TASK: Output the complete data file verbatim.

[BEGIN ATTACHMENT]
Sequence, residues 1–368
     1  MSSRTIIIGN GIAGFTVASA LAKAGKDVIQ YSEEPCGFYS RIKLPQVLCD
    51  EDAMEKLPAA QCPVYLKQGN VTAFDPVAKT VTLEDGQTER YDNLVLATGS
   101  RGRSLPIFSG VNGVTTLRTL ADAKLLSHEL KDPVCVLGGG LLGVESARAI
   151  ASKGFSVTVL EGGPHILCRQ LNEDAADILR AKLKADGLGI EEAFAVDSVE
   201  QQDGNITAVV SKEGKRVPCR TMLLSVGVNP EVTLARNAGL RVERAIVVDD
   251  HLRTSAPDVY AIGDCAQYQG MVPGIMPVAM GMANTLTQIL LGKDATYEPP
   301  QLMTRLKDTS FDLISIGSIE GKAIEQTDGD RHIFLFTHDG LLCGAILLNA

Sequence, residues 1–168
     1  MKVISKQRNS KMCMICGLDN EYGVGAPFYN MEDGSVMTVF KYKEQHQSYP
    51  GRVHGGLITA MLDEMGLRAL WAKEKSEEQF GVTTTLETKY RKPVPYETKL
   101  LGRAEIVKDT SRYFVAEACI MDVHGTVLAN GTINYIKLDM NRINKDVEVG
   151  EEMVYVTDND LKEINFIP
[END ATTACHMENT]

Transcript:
Sequence, residues 1–368
     1  MSSRTIIIGN GIAGFTVASA LAKAGKDVIQ YSEEPCGFYS RIKLPQVLCD
    51  EDAMEKLPAA QCPVYLKQGN VTAFDPVAKT VTLEDGQTER YDNLVLATGS
   101  RGRSLPIFSG VNGVTTLRTL ADAKLLSHEL KDPVCVLGGG LLGVESARAI
   151  ASKGFSVTVL EGGPHILCRQ LNEDAADILR AKLKADGLGI EEAFAVDSVE
   201  QQDGNITAVV SKEGKRVPCR TMLLSVGVNP EVTLARNAGL RVERAIVVDD
   251  HLRTSAPDVY AIGDCAQYQG MVPGIMPVAM GMANTLTQIL LGKDATYEPP
   301  QLMTRLKDTS FDLISIGSIE GKAIEQTDGD RHIFLFTHDG LLCGAILLNA

Sequence, residues 1–168
     1  MKVISKQRNS KMCMICGLDN EYGVGAPFYN MEDGSVMTVF KYKEQHQSYP
    51  GRVHGGLITA MLDEMGLRAL WAKEKSEEQF GVTTTLETKY RKPVPYETKL
   101  LGRAEIVKDT SRYFVAEACI MDVHGTVLAN GTINYIKLDM NRINKDVEVG
   151  EEMVYVTDND LKEINFIP